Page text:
Z is for Zenaida macroura

Turtle dove.  Carolina pigeon.  Rain dove.

These are all names for Zenaida macroura, although it is most commonly known as the mourning dove.

Mourning Dove (photo by Alan D. Wilson, 2006) (via Wikipedia)

I have a strange affinity towards mourning doves. There was always a pair living in the pine tree in my childhood front yard. As such, whenever I was outside playing, I would constantly hear their plaintive call: “oo-OO-oo, oo, oo, oo.”

I’m not really one to put stock in the idea of spirit animals, but I suppose if I were to choose one as a representation of myself, I would likely pick the mourning dove.  As a people-pleasing, highly sensitive INFJ, I definitely identify with wanting peace and for everyone to get along.  Moreover, my shyness and wallflower tendencies (especially in middle and high school) would often cause people to ask if I was okay. I guess, like the mourning dove’s song, I simply appear to be sad or forlorn to those around me. Though I am an optimist, and am often quite fun-loving, I think I often do give off a somewhat melancholic vibe.

Here are some fun facts about mourning doves:

  • There are five subspecies of Zenaida macroura
  • They are among one of the most common gamebirds in North America
  • They primarily eat seeds and grains, with very little to no insect consumption
  • Zenaida doves were named after Princess Zenaïde Bonaparte, by her husband and cousin, ornithologist Charles Lucien Bonaparte  (Niece and nephew to Napoleon Bonaparte, respectively)
  • Like other doves (and flamingos and some penguins), they feed their squabs crop milk — a secretion of the lining of the crop that the parents regurgitate in order to give nutrients to their young (…yum?)

And that’s a wrap on the A-to-Z Challenge 2015!  I had so much fun!!  Look forward to a reflection post in the next few days.  Thanks for reading, everyone!

Y is for Y: The Last Man

Y: The Last Man is a comic book series written by Brian K. Vaughan and illustrated by Pia Guerra.  This Eisner Award winning series ran for 60 issues from 2002-2008.

The story follows Yorick Brown, a young man who suddenly finds himself to be the only human man left alive. After a strange phenomenon known as “the plague” kills off all organisms with a Y-chromosome, Yorick and his pet capuchin monkey, Ampersand, appear to be the only males left on the planet. As he heads out into the apocalyptic aftermath in search of his girlfriend, Beth, Yorick finds that, with the sudden disappearance of half the population, the world has been thrown into chaos. There are many theories thrown about as to why the men suddenly died off, and many different ideological factions arise. Yorick finds himself in danger as some groups wish him to be killed along with the rest of the men, but he soon meets a woman known as Agent 355, who protects him at the behest of a secret government agency known as the Culper Ring.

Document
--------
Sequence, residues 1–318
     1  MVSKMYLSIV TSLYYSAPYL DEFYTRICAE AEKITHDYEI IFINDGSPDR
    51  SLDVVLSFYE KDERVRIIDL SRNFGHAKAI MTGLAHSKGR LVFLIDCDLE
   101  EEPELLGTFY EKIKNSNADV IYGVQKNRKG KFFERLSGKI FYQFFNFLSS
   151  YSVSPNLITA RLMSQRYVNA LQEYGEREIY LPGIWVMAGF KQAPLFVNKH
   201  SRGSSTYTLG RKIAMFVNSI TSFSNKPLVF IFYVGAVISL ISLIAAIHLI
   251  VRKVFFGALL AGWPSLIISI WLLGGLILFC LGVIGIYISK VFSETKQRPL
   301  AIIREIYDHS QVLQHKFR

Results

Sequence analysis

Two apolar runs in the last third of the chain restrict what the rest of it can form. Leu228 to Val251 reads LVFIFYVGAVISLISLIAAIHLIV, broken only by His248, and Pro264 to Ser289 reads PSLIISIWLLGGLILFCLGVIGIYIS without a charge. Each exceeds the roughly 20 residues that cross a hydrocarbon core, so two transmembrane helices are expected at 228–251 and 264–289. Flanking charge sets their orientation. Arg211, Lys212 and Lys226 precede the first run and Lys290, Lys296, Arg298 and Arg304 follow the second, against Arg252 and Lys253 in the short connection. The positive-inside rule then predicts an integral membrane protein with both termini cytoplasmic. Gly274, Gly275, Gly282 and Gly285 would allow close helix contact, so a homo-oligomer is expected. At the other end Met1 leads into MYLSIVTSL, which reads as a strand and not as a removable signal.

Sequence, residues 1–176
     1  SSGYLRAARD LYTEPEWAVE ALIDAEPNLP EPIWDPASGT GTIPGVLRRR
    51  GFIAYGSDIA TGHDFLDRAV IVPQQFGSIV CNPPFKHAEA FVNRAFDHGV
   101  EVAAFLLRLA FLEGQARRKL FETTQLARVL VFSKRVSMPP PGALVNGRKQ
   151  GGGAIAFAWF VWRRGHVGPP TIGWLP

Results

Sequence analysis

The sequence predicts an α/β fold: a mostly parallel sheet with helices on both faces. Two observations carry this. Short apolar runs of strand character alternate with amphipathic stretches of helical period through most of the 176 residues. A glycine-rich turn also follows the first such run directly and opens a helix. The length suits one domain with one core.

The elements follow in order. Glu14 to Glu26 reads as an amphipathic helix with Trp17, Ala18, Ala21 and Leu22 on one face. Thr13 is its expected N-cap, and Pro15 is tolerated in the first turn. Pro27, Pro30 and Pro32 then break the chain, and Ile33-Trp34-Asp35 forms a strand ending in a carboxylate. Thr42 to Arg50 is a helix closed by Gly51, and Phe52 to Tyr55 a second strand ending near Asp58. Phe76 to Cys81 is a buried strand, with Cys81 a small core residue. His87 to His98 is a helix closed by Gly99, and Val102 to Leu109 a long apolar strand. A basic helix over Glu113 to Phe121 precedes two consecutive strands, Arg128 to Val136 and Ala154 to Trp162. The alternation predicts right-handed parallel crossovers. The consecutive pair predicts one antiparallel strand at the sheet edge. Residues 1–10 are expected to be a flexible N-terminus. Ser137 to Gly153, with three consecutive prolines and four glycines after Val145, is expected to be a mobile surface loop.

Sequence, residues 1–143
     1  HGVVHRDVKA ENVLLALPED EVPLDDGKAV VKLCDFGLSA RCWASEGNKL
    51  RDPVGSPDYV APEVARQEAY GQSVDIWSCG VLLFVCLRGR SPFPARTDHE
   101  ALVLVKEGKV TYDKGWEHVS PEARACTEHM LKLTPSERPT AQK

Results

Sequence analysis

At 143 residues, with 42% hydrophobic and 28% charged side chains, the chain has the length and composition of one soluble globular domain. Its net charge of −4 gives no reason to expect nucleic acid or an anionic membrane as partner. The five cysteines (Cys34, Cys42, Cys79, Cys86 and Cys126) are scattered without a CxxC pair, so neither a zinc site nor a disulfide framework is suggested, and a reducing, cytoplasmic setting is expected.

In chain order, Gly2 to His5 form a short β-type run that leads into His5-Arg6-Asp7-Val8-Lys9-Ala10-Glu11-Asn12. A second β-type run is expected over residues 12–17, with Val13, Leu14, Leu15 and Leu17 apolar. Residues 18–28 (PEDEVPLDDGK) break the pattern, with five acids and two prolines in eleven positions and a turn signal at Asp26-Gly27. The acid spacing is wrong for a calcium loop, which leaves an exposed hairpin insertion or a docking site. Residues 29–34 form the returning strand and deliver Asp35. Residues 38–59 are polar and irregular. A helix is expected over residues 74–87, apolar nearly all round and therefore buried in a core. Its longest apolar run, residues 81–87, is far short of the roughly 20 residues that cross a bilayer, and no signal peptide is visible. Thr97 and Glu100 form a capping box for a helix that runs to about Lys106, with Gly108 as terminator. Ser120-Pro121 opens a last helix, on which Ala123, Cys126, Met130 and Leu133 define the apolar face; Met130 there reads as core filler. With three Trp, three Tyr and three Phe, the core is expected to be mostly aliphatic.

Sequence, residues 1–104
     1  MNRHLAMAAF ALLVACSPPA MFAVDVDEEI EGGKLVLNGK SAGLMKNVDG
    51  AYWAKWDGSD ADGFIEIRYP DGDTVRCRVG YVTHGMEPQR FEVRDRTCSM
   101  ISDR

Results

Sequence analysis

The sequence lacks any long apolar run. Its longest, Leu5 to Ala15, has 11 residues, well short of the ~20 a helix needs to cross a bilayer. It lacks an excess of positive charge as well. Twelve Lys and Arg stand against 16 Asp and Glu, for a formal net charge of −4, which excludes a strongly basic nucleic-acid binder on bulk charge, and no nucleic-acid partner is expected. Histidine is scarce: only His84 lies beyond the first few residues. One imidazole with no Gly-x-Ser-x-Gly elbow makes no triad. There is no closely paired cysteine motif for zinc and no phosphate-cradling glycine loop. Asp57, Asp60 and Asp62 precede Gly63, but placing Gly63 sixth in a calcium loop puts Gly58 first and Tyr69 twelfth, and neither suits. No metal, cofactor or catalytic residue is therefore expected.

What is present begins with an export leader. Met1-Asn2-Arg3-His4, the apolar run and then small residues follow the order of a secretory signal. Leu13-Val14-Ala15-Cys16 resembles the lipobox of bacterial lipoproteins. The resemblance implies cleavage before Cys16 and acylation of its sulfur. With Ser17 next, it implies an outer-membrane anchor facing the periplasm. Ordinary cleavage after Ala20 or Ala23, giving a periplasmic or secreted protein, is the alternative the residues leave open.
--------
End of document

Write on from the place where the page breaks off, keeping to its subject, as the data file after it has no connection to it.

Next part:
I read Y: The Last Man a few years ago, and was absolutely floored by how great it was. The series has so many twists and turns; the readers are in the dark just much as the characters. It’s truly an exciting piece of fiction that explores many interesting ideas and themes. I highly recommend you check it out! It has admittedly been awhile since I read it, but I remember loving it. Just in writing up this post, I’ve gotten extremely excited about re-visiting this fantastic series. I will certainly have to read it again soon!

Disclaimer: All images shown belong to Vertigo/DC Comics, the use of which have not been specifically authorized by the copyright owner.  This blog post is for non-commercial criticism and comment purposes only. I believe that this constitutes a ‘fair use’ of the copyrighted material as provided for in section 107 of the U.S. Copyright Law.

X is for X-Acto knife

I love projects that involve using an X-Acto knife. Maybe it’s because I like the fine detail work.  Maybe it’s a remnant of the part of me that entertained the idea of becoming a surgeon so many years ago. Whatever the case may be, I really enjoy using X-Acto knives to carefully cut out shapes needed for a certain craft or project.  It’s not brainless, per se (you wouldn’t want to you cut yourself!); but it’s an activity that allows me to focus on one thing rather than the millions of thoughts that would normally be running through my brain.

X-acto knife crafts

There are a lot of different crafts you can do with an X-acto knife.  Sometimes I will simply cut out ornate shapes to just be pasted into a card, or attempt kirigami, a Japanese paper art that is sort of like “origami meets pop-up books”.

X-Acto knives are also great for cutting out stencils.  Cutting out shapes on freezer paper works well for decorating t-shirts and such, as you can iron the stencil directly onto the fabric.  Simply apply fabric paint or a bleach solution, and you can add any design you want.

In a similar manner, you can cut out stencils on contact paper to stick onto glassware — mirrors, wine glasses, picture frames — and use glass etching cream to create some cool designs.  For my cousin’s wedding, I etched Super Mario-themed wine goblets as a gift.  A silhouette of Princess Peach for her, Mario for him, and some stars, mushrooms, and ? blocks to fill out the set.  They turned out really cool; I may make something similar for myself!

I have a strange fascination with the Blue Willow pattern, and started some glass etched art pieces to hang in my apartment.  I was going to have these two smaller pieces (shown below) and then one large frame with the whole pattern, but I accidentally shattered the glass from the large frame that I bought (classic clumsy me!) and have not yet got around to buying a replacement.

Blue willow glass etch

I haven’t had much time to work on any crafting or art projects lately.  I hope to be able to pick some of these things up again, maybe come summertime.  There is something very satisfying about cutting out intricate patterns with an X-Acto knife.  I promise to post pictures and/or how-to’s if I start to work on anything in the near future!